By Ken Tucker
September 04, 2002 at 04:00 AM EDT
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Genndy Tartakovsky, creator of the wondrous Samurai Jack, now entering its second vibrant season on Cartoon Network, recently remarked in an interview in DRAW! magazine, ”We don’t draw like this for kids.” Well, he does and he doesn’t. No way would Jack have the following it does if it didn’t appeal to both children and adults with an eye for art and an appreciation of the way pop culture can accommodate different cultural philosophies.

Jack, a time-traveling samurai warrior straight out of an Akira Kurosawa epic, is in perpetual battle with Aku, a godlike monster with crackling flames for eyebrows. The plots are simple, elemental — in one of the new season’s episodes, for instance, Jack must conquer a tribe of half-human, half-animal hunters who have been promised a ”rain of priceless jewels” if they capture him. The half hour is one long, relentless pursuit, one that ultimately results in the tribe honoring Jack for his bravery and pluck (the series is suffused with notions of Buddhist honor and respect for honorable actions and thoughts).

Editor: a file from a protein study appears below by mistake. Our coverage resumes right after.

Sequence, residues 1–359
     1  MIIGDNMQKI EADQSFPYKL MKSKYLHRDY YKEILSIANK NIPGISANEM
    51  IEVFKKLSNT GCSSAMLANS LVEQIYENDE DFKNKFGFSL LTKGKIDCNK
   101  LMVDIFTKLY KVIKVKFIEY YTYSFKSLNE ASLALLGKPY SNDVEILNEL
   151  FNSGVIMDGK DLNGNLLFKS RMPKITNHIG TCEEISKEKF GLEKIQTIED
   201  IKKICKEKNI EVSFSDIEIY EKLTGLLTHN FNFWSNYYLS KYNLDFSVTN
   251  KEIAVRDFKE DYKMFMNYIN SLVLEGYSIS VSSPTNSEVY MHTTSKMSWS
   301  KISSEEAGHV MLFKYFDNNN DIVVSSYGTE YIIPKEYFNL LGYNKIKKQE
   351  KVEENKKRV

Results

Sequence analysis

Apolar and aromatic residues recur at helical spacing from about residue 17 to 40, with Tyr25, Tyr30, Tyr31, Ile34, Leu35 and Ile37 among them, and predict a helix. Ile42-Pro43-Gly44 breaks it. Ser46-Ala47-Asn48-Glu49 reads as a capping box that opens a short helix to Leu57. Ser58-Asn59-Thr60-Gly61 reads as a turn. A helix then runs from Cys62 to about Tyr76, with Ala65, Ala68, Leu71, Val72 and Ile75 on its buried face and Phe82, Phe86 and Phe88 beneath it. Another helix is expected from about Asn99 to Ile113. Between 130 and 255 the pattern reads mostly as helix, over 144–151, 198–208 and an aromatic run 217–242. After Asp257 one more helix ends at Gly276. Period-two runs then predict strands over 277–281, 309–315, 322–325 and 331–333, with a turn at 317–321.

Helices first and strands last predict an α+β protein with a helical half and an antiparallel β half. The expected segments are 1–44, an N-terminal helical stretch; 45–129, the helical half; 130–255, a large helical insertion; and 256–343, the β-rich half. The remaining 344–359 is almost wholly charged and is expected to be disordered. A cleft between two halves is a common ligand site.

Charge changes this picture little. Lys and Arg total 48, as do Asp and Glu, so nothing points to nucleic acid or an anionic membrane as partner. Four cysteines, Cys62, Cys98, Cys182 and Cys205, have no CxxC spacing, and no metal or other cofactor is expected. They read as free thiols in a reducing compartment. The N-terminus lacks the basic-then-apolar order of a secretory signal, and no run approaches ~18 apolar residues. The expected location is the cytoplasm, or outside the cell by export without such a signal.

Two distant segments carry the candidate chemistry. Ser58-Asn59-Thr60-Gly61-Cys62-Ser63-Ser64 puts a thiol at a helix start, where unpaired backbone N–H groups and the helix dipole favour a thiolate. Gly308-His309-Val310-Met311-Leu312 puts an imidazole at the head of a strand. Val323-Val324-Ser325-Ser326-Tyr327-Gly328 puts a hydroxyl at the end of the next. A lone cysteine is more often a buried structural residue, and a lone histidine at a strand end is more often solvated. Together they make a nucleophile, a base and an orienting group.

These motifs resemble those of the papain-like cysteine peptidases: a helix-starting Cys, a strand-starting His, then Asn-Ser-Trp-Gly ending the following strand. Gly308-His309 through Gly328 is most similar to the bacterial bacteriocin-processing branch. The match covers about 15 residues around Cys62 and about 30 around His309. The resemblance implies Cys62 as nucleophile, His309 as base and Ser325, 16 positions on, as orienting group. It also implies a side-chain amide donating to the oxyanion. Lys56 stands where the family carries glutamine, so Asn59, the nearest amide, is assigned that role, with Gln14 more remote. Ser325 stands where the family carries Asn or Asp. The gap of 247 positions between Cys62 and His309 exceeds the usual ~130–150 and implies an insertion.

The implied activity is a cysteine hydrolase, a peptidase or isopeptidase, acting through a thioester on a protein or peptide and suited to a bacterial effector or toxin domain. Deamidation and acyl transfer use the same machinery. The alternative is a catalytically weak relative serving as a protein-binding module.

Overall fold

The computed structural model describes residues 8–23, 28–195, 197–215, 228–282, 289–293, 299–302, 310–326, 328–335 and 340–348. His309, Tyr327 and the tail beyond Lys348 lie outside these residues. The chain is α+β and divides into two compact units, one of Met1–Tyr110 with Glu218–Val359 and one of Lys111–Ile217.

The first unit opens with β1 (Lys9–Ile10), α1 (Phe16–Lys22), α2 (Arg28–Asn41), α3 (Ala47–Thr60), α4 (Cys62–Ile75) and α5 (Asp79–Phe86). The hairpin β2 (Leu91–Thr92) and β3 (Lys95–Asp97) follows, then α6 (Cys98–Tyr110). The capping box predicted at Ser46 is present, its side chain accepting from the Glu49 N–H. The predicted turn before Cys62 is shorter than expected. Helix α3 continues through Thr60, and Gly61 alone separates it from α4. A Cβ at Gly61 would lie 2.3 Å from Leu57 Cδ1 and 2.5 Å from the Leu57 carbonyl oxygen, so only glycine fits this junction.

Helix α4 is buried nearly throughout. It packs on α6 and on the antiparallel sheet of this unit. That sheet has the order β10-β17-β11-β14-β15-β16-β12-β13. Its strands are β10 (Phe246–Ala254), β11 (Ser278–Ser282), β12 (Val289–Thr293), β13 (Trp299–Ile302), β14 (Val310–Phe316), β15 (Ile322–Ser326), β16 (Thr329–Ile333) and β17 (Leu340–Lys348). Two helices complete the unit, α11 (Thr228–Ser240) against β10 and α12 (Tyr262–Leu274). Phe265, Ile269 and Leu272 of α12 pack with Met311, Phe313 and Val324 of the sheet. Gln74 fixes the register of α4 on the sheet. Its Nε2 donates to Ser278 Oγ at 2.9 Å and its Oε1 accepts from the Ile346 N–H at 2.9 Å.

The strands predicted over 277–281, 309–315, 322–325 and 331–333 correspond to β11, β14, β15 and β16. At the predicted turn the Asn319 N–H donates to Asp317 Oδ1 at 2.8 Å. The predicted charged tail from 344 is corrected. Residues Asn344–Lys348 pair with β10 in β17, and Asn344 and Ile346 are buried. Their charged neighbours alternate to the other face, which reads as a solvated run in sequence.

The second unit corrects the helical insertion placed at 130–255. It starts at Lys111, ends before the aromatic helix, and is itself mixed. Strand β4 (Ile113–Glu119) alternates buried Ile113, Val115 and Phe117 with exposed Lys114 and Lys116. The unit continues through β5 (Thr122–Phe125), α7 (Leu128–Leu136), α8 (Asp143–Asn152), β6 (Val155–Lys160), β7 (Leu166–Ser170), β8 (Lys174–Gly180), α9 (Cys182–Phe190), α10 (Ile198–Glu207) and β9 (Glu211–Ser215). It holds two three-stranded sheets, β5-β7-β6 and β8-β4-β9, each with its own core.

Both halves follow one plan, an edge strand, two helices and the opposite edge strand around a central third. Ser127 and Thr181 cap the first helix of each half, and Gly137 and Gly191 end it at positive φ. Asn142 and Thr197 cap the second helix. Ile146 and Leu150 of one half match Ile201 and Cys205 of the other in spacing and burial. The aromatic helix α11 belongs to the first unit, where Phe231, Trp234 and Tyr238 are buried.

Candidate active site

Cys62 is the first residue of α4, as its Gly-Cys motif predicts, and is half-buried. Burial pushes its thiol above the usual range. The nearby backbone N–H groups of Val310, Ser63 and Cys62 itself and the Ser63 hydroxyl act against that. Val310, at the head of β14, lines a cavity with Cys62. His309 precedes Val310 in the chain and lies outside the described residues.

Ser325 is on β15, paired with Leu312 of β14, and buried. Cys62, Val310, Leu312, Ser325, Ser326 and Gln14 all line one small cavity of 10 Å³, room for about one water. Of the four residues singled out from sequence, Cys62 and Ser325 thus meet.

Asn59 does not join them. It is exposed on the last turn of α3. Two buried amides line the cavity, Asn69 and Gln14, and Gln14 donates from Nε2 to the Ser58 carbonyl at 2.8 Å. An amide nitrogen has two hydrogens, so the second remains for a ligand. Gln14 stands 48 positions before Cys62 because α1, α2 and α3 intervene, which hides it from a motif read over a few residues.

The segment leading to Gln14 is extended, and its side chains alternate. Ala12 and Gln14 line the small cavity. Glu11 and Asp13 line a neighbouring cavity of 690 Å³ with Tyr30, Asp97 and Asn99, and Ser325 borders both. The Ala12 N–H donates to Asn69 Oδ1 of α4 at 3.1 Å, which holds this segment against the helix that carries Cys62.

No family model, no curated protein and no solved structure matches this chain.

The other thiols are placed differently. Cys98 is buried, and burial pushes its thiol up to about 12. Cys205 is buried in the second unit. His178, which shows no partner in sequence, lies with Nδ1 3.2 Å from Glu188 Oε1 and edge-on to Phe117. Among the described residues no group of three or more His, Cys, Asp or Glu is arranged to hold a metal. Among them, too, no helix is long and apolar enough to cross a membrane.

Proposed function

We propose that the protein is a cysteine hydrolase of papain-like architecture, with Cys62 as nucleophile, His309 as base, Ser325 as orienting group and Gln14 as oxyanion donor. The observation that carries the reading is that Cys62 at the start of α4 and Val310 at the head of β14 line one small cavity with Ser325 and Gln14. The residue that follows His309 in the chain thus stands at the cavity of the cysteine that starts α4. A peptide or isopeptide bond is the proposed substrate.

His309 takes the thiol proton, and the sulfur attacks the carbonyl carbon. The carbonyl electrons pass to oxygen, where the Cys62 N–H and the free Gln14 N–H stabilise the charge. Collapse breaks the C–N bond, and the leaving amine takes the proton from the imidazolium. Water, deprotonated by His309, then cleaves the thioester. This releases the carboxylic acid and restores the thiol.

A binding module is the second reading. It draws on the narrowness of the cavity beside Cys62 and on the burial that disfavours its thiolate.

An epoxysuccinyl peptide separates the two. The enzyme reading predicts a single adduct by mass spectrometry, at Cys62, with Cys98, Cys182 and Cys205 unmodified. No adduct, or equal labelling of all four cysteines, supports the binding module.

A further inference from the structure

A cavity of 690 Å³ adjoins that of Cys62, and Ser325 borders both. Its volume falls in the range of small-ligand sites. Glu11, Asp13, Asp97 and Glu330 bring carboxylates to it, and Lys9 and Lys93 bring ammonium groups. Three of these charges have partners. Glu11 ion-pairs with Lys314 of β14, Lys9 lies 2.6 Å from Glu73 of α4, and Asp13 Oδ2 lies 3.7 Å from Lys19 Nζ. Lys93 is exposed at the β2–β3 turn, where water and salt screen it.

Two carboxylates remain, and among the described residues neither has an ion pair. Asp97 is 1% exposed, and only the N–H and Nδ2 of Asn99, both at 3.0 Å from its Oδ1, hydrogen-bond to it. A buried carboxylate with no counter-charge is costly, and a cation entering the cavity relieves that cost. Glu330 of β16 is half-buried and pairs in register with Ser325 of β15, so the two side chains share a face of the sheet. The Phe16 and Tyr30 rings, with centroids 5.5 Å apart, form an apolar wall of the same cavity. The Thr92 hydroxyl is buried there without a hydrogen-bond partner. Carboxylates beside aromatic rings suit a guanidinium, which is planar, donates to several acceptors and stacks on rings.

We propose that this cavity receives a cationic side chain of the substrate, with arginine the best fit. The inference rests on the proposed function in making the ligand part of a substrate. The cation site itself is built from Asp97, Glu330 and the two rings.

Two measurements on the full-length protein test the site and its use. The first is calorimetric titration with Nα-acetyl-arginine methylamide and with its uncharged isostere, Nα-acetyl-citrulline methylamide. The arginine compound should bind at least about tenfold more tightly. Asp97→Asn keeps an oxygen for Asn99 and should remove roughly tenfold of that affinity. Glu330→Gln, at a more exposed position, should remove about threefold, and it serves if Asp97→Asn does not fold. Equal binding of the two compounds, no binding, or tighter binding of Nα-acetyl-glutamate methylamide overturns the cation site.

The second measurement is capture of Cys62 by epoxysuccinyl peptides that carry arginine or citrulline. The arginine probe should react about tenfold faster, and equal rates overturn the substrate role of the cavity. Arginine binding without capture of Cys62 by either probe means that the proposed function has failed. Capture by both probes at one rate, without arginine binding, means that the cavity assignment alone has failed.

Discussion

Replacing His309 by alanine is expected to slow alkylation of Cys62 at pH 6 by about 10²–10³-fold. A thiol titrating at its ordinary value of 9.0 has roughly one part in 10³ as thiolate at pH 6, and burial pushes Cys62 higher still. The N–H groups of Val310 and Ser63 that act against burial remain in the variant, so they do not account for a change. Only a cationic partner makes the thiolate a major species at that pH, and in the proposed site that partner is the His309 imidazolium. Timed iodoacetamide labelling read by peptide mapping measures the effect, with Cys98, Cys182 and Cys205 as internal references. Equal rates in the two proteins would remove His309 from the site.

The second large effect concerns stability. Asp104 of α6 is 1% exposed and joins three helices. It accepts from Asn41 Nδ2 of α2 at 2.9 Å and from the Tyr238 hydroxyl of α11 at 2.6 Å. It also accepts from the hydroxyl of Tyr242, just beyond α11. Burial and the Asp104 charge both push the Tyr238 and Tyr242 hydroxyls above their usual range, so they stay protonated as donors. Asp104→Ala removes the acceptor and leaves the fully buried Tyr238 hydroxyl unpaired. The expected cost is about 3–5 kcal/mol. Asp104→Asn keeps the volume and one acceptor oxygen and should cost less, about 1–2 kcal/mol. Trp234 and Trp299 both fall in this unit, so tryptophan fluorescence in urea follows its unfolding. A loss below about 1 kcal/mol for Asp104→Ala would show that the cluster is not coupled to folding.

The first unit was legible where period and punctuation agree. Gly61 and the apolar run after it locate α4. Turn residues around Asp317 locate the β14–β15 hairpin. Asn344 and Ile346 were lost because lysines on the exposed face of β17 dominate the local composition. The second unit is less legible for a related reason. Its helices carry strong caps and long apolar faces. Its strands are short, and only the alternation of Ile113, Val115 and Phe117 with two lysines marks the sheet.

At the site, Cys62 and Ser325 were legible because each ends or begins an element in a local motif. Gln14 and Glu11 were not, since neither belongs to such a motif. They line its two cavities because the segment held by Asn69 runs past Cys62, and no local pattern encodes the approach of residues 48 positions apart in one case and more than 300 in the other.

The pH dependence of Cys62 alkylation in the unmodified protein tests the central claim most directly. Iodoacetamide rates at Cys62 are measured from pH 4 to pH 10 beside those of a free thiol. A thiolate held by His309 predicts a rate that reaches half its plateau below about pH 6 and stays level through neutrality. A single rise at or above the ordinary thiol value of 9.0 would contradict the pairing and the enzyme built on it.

Tartakovsky oversees an animation style that at first seems crudely simple: static backgrounds and simply drawn figures with a minimum of movement, much like old Hanna-Barbera-studio cartoons like ”Yogi Bear.” But where ”Yogi” and ”Huckleberry Hound” looked cheerfully cheap, ”Jack” is artful to the point of witty abstraction. One of Tartakovsky’s most arresting strategies is to begin a scene with a single slash of color that cuts diagonally across the screen — initially, you have no idea what you’re looking at. Then, he pulls back to reveal that the slash is, say, a close-up of Jack’s mighty sword, and as the slash of metal now glides out of its scabbard, and Tartakovsky pulls back even farther, it reveals Jack’s hand withdrawing the weapon in preparation for battle. Combine this with the lovely watercolor-style backgrounds and the show’s minimal use of dialogue (much of the time the soundtrack consists merely of the whistling forest wind or the soft chime of musical bells), and ”Samurai Jack” becomes a beautiful, sometimes devilishly scary, dream of a cartoon.

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